Review by Oli Burley
TRANSLATING one of William Shakespeare’s least-known works
into a high-brow circus may sound like an astounding feat, but
then Pericles, Prince of Tyre is a play woven
So all credit to Master of Play, Kathryn Hunter, whose bold approach
succeeds in bringing an undoubted wow-factor to the Globe’s
‘Season of the World and the Underworld’.
This modern-dress version sets out to analyse Pericles as a figure
in crisis, someone unnervingly attracted to the incest in King
Antioch’s court, and in so doing uses two actors to portray
the central figure.
Corin Redgrave makes his Globe debut as Pericles the elder, who
reviews his life by watching a younger version of him played,
somewhat distractingly with an Eastern European accent, by Robert
This dual perspective is fascinating, but blurred by the mesmerising
action going on around the plot in which Pericles is finally reunited
with daughter, Marina, and wife, Thaisa, both of whom he believed
The show is rather stolen by a troop of acrobats who swing and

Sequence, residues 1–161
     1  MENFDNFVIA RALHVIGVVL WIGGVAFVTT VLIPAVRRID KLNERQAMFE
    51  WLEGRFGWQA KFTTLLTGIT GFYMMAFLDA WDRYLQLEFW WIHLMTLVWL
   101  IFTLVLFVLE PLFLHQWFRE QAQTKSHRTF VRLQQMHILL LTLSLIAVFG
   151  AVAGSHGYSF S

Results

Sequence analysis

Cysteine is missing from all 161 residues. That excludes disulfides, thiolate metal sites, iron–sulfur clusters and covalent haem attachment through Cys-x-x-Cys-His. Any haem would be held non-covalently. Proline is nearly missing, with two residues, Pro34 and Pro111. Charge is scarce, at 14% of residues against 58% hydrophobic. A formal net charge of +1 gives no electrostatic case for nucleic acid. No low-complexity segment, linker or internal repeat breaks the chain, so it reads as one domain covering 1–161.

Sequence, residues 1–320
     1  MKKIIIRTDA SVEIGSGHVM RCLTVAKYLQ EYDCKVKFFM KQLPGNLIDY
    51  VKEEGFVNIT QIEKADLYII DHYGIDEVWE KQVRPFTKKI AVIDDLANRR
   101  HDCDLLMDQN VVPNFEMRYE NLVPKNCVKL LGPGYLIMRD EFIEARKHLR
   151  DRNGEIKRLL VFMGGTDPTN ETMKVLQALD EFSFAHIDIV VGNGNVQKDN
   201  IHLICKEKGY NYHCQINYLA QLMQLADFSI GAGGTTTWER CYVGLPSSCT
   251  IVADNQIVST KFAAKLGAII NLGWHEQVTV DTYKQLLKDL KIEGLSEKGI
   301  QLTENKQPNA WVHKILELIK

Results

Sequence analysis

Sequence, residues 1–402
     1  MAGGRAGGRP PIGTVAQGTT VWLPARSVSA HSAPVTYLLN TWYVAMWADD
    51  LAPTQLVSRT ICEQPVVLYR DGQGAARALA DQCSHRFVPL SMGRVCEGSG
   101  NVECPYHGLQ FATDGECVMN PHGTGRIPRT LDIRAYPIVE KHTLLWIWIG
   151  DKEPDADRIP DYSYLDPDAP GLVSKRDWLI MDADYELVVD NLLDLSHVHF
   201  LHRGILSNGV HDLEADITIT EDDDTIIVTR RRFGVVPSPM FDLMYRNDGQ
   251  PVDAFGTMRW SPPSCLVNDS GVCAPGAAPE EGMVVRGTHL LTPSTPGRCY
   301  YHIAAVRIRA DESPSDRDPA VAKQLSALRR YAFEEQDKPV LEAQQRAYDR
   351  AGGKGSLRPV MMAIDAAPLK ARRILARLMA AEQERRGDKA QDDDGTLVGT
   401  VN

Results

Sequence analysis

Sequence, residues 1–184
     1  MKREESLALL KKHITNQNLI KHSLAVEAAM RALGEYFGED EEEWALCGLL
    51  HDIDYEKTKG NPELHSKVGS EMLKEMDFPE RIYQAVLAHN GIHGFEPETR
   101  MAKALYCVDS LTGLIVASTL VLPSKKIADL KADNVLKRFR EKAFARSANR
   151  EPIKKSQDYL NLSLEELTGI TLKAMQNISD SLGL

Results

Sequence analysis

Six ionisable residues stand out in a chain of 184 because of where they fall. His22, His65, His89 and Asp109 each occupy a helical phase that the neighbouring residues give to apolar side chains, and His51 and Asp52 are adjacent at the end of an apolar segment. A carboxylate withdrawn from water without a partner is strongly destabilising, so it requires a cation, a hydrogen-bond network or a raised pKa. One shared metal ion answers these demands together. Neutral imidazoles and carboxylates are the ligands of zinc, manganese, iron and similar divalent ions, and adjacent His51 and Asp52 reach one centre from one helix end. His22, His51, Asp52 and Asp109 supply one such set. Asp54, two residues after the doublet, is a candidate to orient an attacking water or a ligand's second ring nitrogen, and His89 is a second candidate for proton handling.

twirl while suspended around the theatre, even hanging precariously
at times from the middle tier of the gallery.
Their aerial feats are undeniably
impressive and give a stomach-churning verve to the shipwreck
scenes, depicting at once the drowning sailors and the surging
But they are used to excess and consequently the play has more
than enough rope to hang itself.
This is a shame because Laura Rees’s moral Marina is keenly-felt,
while Redgrave is genuinely moving in the reunification scenes
with his family.
He is mostly accompanied on stage by narrator, Gower, played
by Patrice Naiambana as an outgoing African musician and healer
who at times steps outside the text to josh with the crowd.
His gregarious nature is good for cheap laughs but they are slightly
unwarranted – after all, that base is already covered by
pimp servant, Boult (Marcello Magni), and the Pentapolis fishermen.
Gower believes that if you want to see art, you should go to
a museum, rather than The Globe; but surely, if you want stand-up
or political satire, then you should really be at The Comedy Store.
This collision of styles at times threatens to blow the play
off tack, at others hits home with brilliant effect.
Tellingly, Pericles succeeds in winning Thaisa’s
heart with a simple song rather than the athletic prowess shown
by his love rivals – something that for all its adventure,
the production might do well to remember.